I recall meeting the magician again while I was having a very late meal – a gurjurati thali which contained the most delicious sauce I’ve yet tasted in India and getting upset with him when he asked to see my cellphone (I had no problem with him comparing it with his own Nokia) but then appearing to change some of my settings. I realized he wasn’t actually trying to do so and so calmed down and apologized. (I think I was more fractious than usual because of lack of sleep, clothes-buying and the occasional communication breakdown.

Friday 31st: either a lesson on India or a classic Bruce-style farce

  1. I check out of my hotel but ask to leave my rucsac there for a few hours. For this I’m charged 100 rupees. I’m inclined to argue but eventually realized how little this is for keeping my stuff safe.
  2. I return to the Indian saree shop with the measurements and am told it will take until 5pm to make up the blouse. So it looks like I’m staying here tonight because I don’t want another arrival after dark.
  3. An assistant takes me to a local tailor and we talk in broken English and pulverized Marathi. I watch in horror as the tailor cuts off about 1 metre of the saree material. (I realize later that this is the part that’s used to make the blouse and that the other material, whose colour we’d discussed, is used to make the petticoat that is used to hold the saree on.)
  4. I agree to return at 5pm and pay for the petticoat and blouse tailoring and wonder off for breakfast (Idli sambar, khala chai and pani) and of course leave an almost full 2-litre bottle of drinking water at the restaurant.
  5. Back at Kashmiri Arts Palace, I pick up the completed Kashmiri set. I give Wahid a wee donation towards the Goa street-children organization and ask him to recommend someone who can sew some parcels ready for posting back to the UK because there isn’t a sewer/packager at the post-office.
  6. Wahid takes me to the lady tailors who made the ‘Kashmiri’ saree-blouse – they run their business in their home. I’m offered chai and gurjurati bread (a deep-fried chapatti) that are very welcome as I sit on the bed in their bedroom/lounge/workshop and gurn at the wee child while the younger woman sews up my parcels and then tells me how the blouse has several rows of stitches so it can be loosened if it’s too tight. So much friendliness, I feel like Polyanna and this work cost 20 rupees (the cost of 2 litres of bottled water).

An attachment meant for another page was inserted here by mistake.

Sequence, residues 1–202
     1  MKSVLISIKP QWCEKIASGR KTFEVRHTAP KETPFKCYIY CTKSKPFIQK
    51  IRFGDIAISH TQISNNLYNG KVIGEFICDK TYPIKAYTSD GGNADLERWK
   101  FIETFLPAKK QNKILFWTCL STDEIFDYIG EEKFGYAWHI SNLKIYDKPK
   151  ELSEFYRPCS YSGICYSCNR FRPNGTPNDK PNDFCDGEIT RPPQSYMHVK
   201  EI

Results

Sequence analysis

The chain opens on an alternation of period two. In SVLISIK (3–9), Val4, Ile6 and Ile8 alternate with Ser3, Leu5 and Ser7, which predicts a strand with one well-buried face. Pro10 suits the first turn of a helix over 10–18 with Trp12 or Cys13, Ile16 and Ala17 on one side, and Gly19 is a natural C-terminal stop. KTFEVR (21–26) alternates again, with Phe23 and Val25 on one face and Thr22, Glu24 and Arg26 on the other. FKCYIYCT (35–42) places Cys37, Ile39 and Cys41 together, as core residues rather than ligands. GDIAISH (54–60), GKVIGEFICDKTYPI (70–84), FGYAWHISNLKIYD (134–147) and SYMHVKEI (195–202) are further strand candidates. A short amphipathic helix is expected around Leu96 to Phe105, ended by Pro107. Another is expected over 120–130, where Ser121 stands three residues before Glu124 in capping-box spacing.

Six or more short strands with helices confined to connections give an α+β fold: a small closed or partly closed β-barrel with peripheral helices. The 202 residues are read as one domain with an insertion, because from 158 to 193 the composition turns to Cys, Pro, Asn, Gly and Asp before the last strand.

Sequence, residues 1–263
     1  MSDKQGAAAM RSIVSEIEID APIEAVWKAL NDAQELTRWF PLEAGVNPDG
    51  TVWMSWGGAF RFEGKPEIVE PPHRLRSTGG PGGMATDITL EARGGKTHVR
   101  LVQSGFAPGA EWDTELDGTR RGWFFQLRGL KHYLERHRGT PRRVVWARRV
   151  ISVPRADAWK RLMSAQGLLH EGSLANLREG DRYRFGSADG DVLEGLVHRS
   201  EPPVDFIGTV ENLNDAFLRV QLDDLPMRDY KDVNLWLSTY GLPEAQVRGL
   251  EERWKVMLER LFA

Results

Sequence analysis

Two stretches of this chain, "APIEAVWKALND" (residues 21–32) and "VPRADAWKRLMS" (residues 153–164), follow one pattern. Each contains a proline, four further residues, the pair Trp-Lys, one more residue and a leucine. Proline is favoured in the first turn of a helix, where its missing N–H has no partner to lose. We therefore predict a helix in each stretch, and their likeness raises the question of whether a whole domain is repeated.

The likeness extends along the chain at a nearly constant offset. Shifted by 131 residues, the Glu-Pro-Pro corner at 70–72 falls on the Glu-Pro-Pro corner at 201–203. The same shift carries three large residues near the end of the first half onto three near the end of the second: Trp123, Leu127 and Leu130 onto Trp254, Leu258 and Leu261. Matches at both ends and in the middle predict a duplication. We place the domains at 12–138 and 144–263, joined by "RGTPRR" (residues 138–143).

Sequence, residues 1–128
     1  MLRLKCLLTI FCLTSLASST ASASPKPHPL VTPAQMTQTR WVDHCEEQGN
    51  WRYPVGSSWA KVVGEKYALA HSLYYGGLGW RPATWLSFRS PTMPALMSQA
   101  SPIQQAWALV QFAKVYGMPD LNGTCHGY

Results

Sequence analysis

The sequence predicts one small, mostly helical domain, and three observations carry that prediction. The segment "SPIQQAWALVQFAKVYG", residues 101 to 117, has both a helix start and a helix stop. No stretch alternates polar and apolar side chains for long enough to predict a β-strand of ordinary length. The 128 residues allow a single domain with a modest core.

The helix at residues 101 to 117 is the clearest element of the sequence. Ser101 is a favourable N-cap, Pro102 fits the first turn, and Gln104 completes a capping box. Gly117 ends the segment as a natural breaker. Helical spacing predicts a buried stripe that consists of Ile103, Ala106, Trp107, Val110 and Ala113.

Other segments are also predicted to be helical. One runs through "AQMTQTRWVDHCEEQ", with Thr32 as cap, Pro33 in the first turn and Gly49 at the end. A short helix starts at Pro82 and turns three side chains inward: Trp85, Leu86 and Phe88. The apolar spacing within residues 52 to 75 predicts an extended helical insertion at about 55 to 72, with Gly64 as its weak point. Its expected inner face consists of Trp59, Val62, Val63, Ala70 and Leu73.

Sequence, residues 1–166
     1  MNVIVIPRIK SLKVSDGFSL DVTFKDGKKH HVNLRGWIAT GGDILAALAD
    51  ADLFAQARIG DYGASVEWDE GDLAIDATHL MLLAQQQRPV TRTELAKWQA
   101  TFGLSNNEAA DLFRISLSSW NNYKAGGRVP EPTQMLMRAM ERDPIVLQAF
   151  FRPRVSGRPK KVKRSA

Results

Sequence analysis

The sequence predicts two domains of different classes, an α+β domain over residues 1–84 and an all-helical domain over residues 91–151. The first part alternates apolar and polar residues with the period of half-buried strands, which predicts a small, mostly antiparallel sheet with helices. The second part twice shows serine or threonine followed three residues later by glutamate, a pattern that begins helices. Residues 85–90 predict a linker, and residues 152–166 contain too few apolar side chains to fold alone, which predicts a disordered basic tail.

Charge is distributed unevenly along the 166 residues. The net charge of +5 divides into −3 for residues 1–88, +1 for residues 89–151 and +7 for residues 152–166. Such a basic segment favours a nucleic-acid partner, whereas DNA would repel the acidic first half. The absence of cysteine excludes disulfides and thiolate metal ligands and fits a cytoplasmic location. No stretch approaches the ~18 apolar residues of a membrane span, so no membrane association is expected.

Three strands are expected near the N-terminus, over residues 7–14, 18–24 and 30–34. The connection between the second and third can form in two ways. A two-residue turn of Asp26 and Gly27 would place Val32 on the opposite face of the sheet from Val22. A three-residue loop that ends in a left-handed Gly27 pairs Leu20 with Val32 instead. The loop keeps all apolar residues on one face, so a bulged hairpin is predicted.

7. Wahid takes me to the post office. They weigh my parcels and tell me the price to post them but that I need to get Mr Podhar, back at the main bazaar, to seal them with wax.
  8. So we trudge back to Mr Podhar’s stall but he’s away for lunch.
  9. I then ask Mr Shah about getting a room for tonight because he tells me that I’ve been paying over the odds for an off-season room. His other colleague takes me to a hotel on Mesjid Road who charge 150 rupees a night for a nicer room.
  10. I pay for it with a 500 rupee note but they don’t have change so, once I’ve received my receipt, I tell the receptionist that I’ll collect my rucsac and then get my change from him.
  11. I collect my rucsac, dump it in my room and use the blessed sit-down, flush toilet and pick up my change.
  12. Back to Kashmiri Arts Palace to collect the parcels I left there while hotel-swapping and then to Mr Podhar’s to get the parcels sealed.
  13. Back to the post-office but now I am 25 rupees short of the postage cost so leave the parcels there while I visit the ATM.
  14. Back to the post-office to pay the 25 rupees I owe them, then sit on the post office’s steps and write this drivel.